This was a joy. Total, electrifying, relentless joy. Darrin worked all the time, of course, but never like this, not in a long time. Too long, he though, as he grinned broadly. With every push, lightness, freedom. With ever pull, exhilarating influxes of raw, pore-filling energy. Of course, none of the others would have disagreed. Those in the legs hadn't been pushed this hard in decades; the massive strength of effort from their withering bodies was inspiring. Every once in a while, one of them would start complaining to his coach. But she would continue to prod him onward. His coach told him that he was becoming greater, to the benefit of everyone else around.
Darrin looked at his coach and smiled. He long, slight body weaved across his vision. Abrupt pulses of light over her pastel yellow clasps gave her a lovely tint of light blue. He felt himself keeping time with the flashes of her figure: flash, pull, flash, push...
His concentration was interrupted. The sound of a persistent whine began to grow in his ears. "Come on, please! I needed that! I'm even running out!" moaned Dom. Takers were walking off with a few generously sloshing jugs of essence, water as Old Boris called it, and dumping them into the River. Darrin noticed that the river was teeming with red Carriers, inflated and beaming bright with life gas.
It was enough of a chuckle to watch Dom's face when they made off with a small pile of gold earlier: payment to get the legs moving. His greasy fingers greedily squeezed the last gold piece as the Taker plucked it and tossed it into the River. Dom looked comically desperate to retrieve it, as if he had forgotten the astonishing, rolling hoard of gold he had accumulated over the years. (In all fairness, Darrin thought, most Movers had gathered more that their needed share of gold; but Dom's landmark of a gold mound was undoubtedly the largest.) Unlike before, however, Dom wore a face of pain, not resentment. His eyes watered as he watched what used to be his essence float away in the River. He grabbed a red cordon, sobbing, and pulled it. He was quitting.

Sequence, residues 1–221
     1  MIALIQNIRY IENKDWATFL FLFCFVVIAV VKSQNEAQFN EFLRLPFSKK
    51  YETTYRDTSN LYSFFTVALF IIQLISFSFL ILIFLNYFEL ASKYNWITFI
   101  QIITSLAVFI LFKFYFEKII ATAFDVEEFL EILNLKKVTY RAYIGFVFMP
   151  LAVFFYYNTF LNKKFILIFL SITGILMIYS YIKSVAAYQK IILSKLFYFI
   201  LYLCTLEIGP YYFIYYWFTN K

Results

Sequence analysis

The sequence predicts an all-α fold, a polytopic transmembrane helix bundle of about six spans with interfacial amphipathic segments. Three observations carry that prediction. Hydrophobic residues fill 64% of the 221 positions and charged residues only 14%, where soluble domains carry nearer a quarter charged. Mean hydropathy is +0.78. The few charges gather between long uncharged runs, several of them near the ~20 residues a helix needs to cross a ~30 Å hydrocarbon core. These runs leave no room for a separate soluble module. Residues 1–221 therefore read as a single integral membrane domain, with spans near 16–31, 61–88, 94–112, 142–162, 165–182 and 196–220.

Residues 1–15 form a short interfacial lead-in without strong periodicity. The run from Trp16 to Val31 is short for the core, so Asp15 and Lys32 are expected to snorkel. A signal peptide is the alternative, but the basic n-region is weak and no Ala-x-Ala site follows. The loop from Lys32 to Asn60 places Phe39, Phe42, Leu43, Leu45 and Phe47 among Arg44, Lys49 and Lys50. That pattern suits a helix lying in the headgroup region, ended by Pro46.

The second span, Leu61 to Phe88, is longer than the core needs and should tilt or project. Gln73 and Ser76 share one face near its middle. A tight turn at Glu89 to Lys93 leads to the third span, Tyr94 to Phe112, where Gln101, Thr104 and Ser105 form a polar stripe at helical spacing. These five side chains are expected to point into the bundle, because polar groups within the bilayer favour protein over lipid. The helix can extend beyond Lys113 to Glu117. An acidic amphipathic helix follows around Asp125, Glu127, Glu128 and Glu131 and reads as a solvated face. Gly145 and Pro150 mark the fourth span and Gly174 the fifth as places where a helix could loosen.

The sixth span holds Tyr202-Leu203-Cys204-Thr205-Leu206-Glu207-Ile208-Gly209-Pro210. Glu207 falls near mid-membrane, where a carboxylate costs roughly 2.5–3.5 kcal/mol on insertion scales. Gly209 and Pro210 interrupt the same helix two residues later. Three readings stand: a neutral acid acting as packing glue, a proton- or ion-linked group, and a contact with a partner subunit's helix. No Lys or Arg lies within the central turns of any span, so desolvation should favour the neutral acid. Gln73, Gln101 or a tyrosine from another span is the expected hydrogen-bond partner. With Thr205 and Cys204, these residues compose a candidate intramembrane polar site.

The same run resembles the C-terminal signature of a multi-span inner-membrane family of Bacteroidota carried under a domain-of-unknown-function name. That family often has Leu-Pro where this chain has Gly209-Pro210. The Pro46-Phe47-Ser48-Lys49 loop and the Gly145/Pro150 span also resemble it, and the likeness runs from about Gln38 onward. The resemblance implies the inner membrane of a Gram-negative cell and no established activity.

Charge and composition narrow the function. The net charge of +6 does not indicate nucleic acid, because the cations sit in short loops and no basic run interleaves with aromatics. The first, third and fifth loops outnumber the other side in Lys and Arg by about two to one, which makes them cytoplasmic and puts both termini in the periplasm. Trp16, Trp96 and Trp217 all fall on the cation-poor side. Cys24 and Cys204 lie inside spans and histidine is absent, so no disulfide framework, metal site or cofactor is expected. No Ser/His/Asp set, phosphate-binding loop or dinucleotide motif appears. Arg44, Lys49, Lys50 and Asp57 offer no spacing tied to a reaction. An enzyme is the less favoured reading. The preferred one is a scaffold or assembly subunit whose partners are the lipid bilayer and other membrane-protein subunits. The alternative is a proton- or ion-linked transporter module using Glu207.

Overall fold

Darrin scoffed as the whole Mover effort halted. He filled his eyes with black judgment and mustered the most contemptuous glare he could stand to make, then pointed his face at weeping, oily ball of sloth that was Dom. Tears were streaking down over his bulging chin and darkening his red dress shirt. His huge gut bobbled as he sniffed, wiping his eyes to meet Darrin's hateful look. "Oh, stop. Fine, I don't care. Stare. Laugh. No one works as hard as Darrin, who only stops to rub his gung-ho bullshit in my face," Dom seethed. He pointed downriver, where Big Glenn was making sure all the Movers had their traps out to catch clay in the stream. "You never look at them like that," added Dom, indignant.
"I don't think they complain half as much as you, Dom. Old Boris won't be happy when he finds out you pulled the cord for his 'jog' idea."
"Well, guess what! He already knows. And I submit, with the utmost golden confidence, that he'll never try it again."